Sharon Waxman

NEW YORK — Any job as glamorous as Sharon Waxman’s is always going to come with unwanted attention. As Hollywood correspondent for The New York Times, Waxman has been the frequent subject of Page Six gossip items. First, it was her alleged...

NEW YORK — Any job as glamorous as Sharon Waxman’s is always going to come with unwanted attention. As Hollywood correspondent for The New York Times, Waxman has been the frequent subject of Page Six gossip items. First, it was her alleged feud with “I Heart Huckabees” director David O. Russell. Then, earlier this week, it was a story about “Million Dollar Baby,” with a headline that included a plot spoiler.

But Waxman has been getting her share of good press, too, in the form of positive reviews for her new book, “Rebels on the Backlot,” about the rise of “maverick directors” Russell, Quentin Tarantino, Paul Thomas Anderson, Steven Soderbergh, Spike Jonze and David Fincher. WWD spoke with her about the Oscars, the state of independent film and why Page Six should get off her case already.

WWD: How did that “Million Dollar Baby” spoiler make it into the paper? Was there any discussion beforehand?

Sharon Waxman: First, the writer doesn’t write the headlines. Hello, news flash: The people at Page Six know this. It’s all just very silly. As to whether the headline writer should have been more careful, that’s not a question for me to deal with. In the story, it says very clearly very high up, in one of the earliest sentences, “If you do not wish to know the plot, do not read further.” You have to weigh the difference between not wanting to report late on something significant and not wanting to ruin the moviegoing experience.

WWD: You’ve spent a lot of time getting to know a small group of directors. Are the people who make interesting movies as interesting as the movies they make?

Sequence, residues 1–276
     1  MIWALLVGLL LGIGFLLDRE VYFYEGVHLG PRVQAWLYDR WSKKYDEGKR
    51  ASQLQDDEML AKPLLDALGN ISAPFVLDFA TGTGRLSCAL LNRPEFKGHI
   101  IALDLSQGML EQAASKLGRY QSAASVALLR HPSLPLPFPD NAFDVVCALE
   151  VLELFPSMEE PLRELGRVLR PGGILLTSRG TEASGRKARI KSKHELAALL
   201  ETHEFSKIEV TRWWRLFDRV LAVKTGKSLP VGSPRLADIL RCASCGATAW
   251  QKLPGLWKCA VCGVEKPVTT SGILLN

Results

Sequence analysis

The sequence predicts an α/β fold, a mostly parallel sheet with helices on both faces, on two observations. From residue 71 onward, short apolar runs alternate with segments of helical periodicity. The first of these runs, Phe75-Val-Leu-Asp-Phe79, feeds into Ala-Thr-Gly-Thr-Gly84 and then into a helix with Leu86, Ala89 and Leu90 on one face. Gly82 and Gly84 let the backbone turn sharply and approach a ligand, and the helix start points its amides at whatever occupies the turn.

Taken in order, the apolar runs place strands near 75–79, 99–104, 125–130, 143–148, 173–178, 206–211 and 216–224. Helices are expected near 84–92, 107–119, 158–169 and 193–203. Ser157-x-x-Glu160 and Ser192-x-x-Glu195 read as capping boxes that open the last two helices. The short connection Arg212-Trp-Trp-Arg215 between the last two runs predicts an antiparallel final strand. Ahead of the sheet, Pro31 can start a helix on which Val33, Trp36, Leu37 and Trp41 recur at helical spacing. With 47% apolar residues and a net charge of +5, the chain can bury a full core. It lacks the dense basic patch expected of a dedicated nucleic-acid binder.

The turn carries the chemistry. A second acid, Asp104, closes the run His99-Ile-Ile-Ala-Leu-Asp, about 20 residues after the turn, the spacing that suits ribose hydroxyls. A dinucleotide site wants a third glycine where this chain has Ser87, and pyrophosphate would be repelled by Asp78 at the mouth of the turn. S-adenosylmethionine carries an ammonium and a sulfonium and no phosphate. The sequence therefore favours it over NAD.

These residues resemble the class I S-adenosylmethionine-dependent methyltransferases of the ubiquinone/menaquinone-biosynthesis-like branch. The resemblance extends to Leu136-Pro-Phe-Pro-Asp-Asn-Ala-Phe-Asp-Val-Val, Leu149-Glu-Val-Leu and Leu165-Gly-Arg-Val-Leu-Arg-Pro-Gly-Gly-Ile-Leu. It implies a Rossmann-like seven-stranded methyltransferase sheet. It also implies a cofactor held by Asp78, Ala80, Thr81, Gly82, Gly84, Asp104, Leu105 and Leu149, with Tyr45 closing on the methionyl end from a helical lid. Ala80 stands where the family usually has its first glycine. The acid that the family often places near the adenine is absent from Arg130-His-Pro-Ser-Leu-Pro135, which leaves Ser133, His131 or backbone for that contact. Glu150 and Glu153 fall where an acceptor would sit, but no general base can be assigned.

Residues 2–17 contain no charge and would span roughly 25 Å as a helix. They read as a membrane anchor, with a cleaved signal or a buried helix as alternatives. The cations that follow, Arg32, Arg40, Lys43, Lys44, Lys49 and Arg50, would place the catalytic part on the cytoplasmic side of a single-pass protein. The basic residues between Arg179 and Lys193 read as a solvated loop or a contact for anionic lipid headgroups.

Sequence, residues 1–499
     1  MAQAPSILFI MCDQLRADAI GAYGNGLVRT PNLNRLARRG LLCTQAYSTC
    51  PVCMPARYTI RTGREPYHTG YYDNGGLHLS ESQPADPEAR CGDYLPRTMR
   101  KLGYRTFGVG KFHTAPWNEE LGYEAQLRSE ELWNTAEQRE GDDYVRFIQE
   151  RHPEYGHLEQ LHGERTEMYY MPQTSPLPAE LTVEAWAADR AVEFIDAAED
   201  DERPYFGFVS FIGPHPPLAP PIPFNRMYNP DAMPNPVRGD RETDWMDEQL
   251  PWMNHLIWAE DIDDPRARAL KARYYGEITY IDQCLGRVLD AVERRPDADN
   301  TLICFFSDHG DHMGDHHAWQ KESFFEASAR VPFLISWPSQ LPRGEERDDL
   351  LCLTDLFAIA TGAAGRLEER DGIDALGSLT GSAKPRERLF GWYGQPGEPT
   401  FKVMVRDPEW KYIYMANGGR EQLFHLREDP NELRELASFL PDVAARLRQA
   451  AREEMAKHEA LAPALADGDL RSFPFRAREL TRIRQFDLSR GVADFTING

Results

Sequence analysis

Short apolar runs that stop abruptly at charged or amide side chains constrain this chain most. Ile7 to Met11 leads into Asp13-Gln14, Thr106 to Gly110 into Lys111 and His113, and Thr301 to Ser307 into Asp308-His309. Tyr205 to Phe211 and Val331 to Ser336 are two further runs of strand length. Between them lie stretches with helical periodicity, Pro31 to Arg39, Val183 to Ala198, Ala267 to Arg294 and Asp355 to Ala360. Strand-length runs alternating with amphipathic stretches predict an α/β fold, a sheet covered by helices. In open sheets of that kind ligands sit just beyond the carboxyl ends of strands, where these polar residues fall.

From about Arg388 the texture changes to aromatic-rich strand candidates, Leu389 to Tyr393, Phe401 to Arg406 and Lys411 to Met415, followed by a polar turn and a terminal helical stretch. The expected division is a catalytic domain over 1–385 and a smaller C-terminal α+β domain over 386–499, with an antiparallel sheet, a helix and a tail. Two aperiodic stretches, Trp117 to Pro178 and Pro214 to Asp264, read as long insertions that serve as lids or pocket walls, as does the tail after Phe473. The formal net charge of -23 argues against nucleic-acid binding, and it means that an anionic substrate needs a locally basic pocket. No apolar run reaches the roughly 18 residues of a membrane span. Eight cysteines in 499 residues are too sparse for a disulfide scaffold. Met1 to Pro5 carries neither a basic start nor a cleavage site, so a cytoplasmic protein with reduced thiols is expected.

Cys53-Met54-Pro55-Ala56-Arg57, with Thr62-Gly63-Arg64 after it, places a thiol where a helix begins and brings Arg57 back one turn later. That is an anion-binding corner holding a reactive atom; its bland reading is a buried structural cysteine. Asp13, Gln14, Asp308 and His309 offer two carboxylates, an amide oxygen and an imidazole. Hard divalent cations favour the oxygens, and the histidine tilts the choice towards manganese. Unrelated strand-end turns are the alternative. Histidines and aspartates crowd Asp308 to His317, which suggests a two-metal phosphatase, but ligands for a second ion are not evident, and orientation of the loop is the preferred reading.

S.W.: Definitely. There’s not a boring one in the lot. At the same time, I’m interested in them because of their movies. I really write about these guys because I think their movies are going to last. When we look back in 30 years and say, ‘Which are the movies that felt like that period of time, that felt like the Nineties,’ I think theirs are going to be those movies.

This story first appeared in the February 4, 2005 issue of WWD. Subscribe Today.

WWD: Is the revolution you wrote about alive and well, or are we back where we started in terms of corporate Hollywood’s risk-aversion? 

S.W.: It’s hard to say. I think there are some directors who are still able to make the movies they envision. The question is, have they been corrupted by the studio system, have they lost their edge? I’m not willing to render a verdict on it yet. I do say in the book that a lot of the movies the people I’ve called rebels have made in subsequent years have shown the effect of the media machine, of having been told how fantastic they are and the taint of the studio system creeping in to sand down their rough edges. It’s a constant tension.

WWD: What will you be wearing to the Oscars?

S.W.: You want to know the truth? I wear the same white Ralph Lauren pantsuit to the Oscars every damn year. Because you bake on the red carpet and you freeze in the pressroom, and then you have to go out to all the after parties. Comfort is a big factor for me. When I can find it, I wear a white cowboy hat to the after parties.

WWD: What film do you like for best picture?

S.W.: Are you asking what I think will win or what I think should win?

WWD: Let’s hear both.

S.W.: I’ll give my professional opinion. I’m not going to give my personal opinion. The actual, correct answer is, it’s too soon to tell. We’ve got four weeks of campaigning ahead of us. From the get-go, “The Aviator” has the edge because it has the most nominations. But don’t forget that Clint [Eastwood] won the DGA [Directors Guild of America] award. That can change a lot. Today, I’d probably pick “The Aviator.” I don’t like betting against Harvey [Weinstein].